Well quit - trouble shooting

SWMBO is NOT HAPPY. The well just quit running and we've got no water. its a standard submersible unit. Folks with a good memory know that I installed
new wiring out to the unit about a month ago.
Anybody know of a trouble shooting manual for submersible pumps? I want to eliminate topside stuff before calling the well man.
Karl
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wrote:

Topside relay is an obvious place to start. Wait, breaker 1st.
Could be the pump is fine and the pipe is holed 'tween hither and yon, or even in the well.
If the well cycles on and off, you may be able to tell it's doing so from the top of the well with the cap off.
Dave
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Karl Townsend wrote:

Need more info.
What type of pump? Two wire or three?
What symptoms? No water flow is obvious, but is it drawing current or not?
Obvious stuff like power to the leads heading down the well.
Resistance of the leads heading down the well to each other and to ground when disconnected from power / control.
Etc.
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On Fri, 29 Aug 2008 12:31:00 -0500, "Karl Townsend"

http://www.franklin-electric.com/Manual/maint_1phase.htm
Wayne
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...

In a way, no big deal. I just learned the pump has overloads, they had tripped. Got water again. Now, for the bigger question, this is the first trip in 22 years. Should I investigate something while its running?

I replaced the electric service to the sales barn. It had momentarily lost a leg last year. Glad i did, when I dug up the line i found a splice that had almost burnt in two. its in conduit this time and no splices.
I guess i should have sold out two years ago when i had a great offer. Now stuff seems to break all the time that i put in 20 - 25 years ago.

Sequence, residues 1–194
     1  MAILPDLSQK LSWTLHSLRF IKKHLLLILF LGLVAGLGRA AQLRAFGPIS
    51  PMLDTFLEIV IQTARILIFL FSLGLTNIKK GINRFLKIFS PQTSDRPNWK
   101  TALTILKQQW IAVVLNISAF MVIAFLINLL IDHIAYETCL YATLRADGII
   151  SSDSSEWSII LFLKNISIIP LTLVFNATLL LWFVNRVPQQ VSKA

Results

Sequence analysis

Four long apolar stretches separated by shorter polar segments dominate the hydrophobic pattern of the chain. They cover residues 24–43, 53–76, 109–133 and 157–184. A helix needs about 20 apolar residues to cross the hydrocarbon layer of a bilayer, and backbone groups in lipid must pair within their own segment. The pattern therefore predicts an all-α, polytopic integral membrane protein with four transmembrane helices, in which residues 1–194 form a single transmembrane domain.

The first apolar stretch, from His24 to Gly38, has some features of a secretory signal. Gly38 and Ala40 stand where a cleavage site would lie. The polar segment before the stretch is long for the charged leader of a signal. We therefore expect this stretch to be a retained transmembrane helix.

Karl
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On Fri, 29 Aug 2008 17:32:36 -0500 in rec.crafts.metalworking, "Karl

Yeah, check the voltage going to the motor. Low voltage due to too much drop in the supply wiring will cause a motor to overload.
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David Harmon wrote:

Yup, excellent advice. Other than that, it could possibly just be a dirty contact in what I suspect is a thermal overload. Having it trip and resetting it may put it good to go for another 22 years. Also, well heads seem to be prime sites for heavy corrosion, so the overload itself may be going bad.
Jon
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Had the same problem this summer, pump was running, can hear it from the well cap. The hose burst ( 1/2'' split )about 2 feet above the pump, below the water line. Replaced the hose, problem went away. This hose has been in the well for nearly 30 years. Rick
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Is it drawing current? -- "Additionally as a security officer, I carry a gun to protect government officials but my life isn't worth protecting at home in their eyes." Dick Anthony Heller
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Maybe my other post didn't go through. The overloads had tripped. First time in 22 years. Should i check anything while its running?
Karl
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The troubleshooting pages at red Jacket and Franklin pumps have some very good troubleshooting procedures to go through: amperages on each leg, voltage drops, etc. Suggest you just run through the whole bunch.
I'd be looking at voltage drop to the well control which will affect the starting cap relay drop out point as well as the run cap.
Karl Townsend wrote:

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On Fri, 29 Aug 2008 18:42:10 -0500, "Karl Townsend"

Check the starting and running current, and get a capacitance meter to double check the run and/or start caps - or just toss 'em on General Principles if they are the 22-year-old originals, they are cheap.
If the pump is old and used heavily, the bearings could be going just from age. The load will go up a bit from the extra drag, and if it gets sticky and fails to start fast enough the locked-rotor current will pop the overloads.